Given the size of the aging US population combined with improved longevity, the prospect of an increasing elderly population with blindness carries with it a severe economic burden, not only for the individuals affected, but society as a whole.4 “As you can imagine, patients who suffer with loss of central vision can’t drive, can’t do many of the things that they like to do, and it really affects their quality of life,” said Nielsen. “Unfortunately, the person who suffers from AMD isn’t the only victim of this disease. It affects caregivers and families who then have to step in and help somebody who’s lost their independence and ability to take care of themselves.”

In terms of overall cost to the healthcare system, visual disorders rank seventh among all diseases, placing it in front of stroke, diabetes, coronary heart disease, and depression in Australia.5 Unfortunately, similar data for the United States is lacking. In 2014, the economic burden of eye disorders among the US population was estimated to be $145 billion per year, and by 2050, the cost is expected to rise to $717 billion.7 Nielsen noted that the “economic burden of someone who’s visually impaired is staggering. And if we can [diagnose] somebody early and keep them productive, keep them working in the job that they want to continue to work in, that has a huge societal benefit.” With the drive toward better management of scarce healthcare resources and cost containment efforts, a further examination of AMD, along with its current and future treatment options, is warranted.

While 80% of AMD patients have atrophic, or dry, AMD, 90% of severe AMD-related loss of visual acuity is related to wet AMD, caused by neovascularization.1 Landmark advances involving trials of intravitreal injections of compounds that inhibit vascular endothelial growth factor (VEGF) have been shown to impact the pathophysiology of neovascularization.4 The results from these early treatments of wet AMD were remarkable, altering the course of a disease once believed incurable.4 Since that time, further advances in diagnostics, earlier detection, and monitoring have been made, and new drugs in varying stages of development have been steadily introduced into the pipeline. However, while the improvements in visual acuity that were achieved during clinical trials with anti-VEGF drugs were substantial, they have also been difficult to fully replicate in typical practice settings.4,8 “If we look at the results of these phase 3 trials, they’re spectacular,” Nielsen confirmed. “We have a cure for neovascular or wet AMD, but when we look at what happens in the real world, when we look at a very influential paper in our field that was published looking at what happened in Europe, patients just don’t have the outcomes [in the real world] that they do in these clinical trials. The main underlying reason is that they don’t get treated enough. It’s tough for family members [and] for patients to come on a regular basis, to have these treatments in the eyes.”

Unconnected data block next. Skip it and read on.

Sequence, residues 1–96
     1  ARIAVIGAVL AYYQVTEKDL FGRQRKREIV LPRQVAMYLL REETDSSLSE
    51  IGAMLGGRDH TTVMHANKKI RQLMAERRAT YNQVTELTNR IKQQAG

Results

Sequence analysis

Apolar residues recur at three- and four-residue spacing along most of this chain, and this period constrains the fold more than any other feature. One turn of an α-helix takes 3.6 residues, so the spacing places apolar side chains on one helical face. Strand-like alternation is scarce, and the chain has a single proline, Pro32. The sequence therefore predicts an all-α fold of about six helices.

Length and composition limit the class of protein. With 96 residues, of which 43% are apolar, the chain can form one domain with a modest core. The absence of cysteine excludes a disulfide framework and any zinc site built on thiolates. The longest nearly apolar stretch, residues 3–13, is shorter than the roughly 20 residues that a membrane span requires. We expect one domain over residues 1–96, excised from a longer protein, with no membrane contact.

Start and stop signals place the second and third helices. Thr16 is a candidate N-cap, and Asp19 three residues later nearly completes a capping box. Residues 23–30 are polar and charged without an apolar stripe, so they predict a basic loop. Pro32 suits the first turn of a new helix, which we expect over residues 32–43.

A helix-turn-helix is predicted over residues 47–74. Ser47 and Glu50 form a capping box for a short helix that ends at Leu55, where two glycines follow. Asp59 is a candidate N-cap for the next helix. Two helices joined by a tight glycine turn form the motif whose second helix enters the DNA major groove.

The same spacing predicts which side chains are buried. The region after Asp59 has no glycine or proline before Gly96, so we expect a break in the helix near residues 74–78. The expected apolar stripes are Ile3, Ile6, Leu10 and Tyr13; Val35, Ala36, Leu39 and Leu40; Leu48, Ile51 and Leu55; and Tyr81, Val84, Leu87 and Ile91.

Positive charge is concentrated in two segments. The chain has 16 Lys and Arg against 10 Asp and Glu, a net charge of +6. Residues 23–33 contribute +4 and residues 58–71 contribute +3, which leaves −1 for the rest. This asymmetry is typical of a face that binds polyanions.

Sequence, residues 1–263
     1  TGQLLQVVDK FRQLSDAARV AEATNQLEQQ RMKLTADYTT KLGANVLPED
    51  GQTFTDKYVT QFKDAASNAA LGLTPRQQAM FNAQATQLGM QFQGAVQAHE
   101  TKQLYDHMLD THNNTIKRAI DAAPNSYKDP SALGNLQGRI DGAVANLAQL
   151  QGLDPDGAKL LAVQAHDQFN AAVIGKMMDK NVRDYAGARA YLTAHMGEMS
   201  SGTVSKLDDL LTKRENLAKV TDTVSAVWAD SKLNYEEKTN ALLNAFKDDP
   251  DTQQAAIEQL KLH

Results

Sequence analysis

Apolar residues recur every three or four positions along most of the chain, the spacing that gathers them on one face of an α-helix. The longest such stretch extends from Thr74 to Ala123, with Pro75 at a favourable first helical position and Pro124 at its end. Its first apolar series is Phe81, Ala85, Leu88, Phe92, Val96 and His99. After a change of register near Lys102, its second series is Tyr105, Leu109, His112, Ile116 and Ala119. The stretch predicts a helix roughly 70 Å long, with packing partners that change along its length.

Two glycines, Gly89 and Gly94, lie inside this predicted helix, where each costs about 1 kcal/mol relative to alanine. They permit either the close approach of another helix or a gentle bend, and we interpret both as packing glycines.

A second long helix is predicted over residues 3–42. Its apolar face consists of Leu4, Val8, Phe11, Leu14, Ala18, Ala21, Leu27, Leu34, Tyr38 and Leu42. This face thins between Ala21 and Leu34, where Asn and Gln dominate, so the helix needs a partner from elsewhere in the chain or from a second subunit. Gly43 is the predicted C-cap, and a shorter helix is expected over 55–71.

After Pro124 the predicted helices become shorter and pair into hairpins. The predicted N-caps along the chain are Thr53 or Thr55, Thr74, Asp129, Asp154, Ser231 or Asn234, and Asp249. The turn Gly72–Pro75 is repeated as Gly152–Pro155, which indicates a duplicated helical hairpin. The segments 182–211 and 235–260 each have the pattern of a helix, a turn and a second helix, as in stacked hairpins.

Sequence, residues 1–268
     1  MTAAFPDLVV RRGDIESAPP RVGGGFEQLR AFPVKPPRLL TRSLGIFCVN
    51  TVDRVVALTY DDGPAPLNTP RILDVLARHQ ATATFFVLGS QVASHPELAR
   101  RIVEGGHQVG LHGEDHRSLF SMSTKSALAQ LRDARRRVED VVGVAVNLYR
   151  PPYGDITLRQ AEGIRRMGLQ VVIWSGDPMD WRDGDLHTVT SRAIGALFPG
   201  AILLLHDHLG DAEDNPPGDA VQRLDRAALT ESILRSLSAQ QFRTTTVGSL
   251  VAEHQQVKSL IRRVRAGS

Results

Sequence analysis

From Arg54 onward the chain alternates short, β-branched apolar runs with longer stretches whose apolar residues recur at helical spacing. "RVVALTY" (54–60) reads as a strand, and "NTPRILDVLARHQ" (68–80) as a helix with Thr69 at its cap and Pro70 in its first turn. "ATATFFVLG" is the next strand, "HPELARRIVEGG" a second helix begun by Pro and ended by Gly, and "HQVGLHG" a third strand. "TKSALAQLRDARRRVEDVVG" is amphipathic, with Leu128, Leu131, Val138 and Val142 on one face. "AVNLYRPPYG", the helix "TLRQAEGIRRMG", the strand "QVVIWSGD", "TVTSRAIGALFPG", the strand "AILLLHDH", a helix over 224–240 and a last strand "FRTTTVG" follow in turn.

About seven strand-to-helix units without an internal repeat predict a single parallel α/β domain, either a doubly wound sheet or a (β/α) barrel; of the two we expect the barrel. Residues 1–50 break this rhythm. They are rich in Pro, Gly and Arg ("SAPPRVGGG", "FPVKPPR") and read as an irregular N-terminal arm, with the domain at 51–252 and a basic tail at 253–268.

Indeed, studies have shown that the inability to achieve the outcomes seen in clinical trials can be attributed to the frequency of the treatment regimens, which often require monthly intravitreal injections for extended periods of time.9 Long-term follow-up studies have also identified the need for additional research and development, sparked by a large percentage of patients who lost the early gains they made in visual acuity.

Risk Factors

AMD predominantly affects Caucasians and Asians; they have a higher risk profile than individuals of African or Hispanic descent.1 Other risk factors include increasing age, dietary fat intake, and family history.1 Smoking is an environmental risk factor that has been consistently shown in studies to be linked to AMD.1 It is remarkable, Salgo noted, that for AMD and “disease after disease after disease, you come up with the same basic prevention recommendations: They’re all the cardiovascular risk prevention strategies, which are watch your LDL [low-density lipoprotein cholesterol], watch your smoking, watch your hypertension, all of that stuff. It applies to the eyes, too.”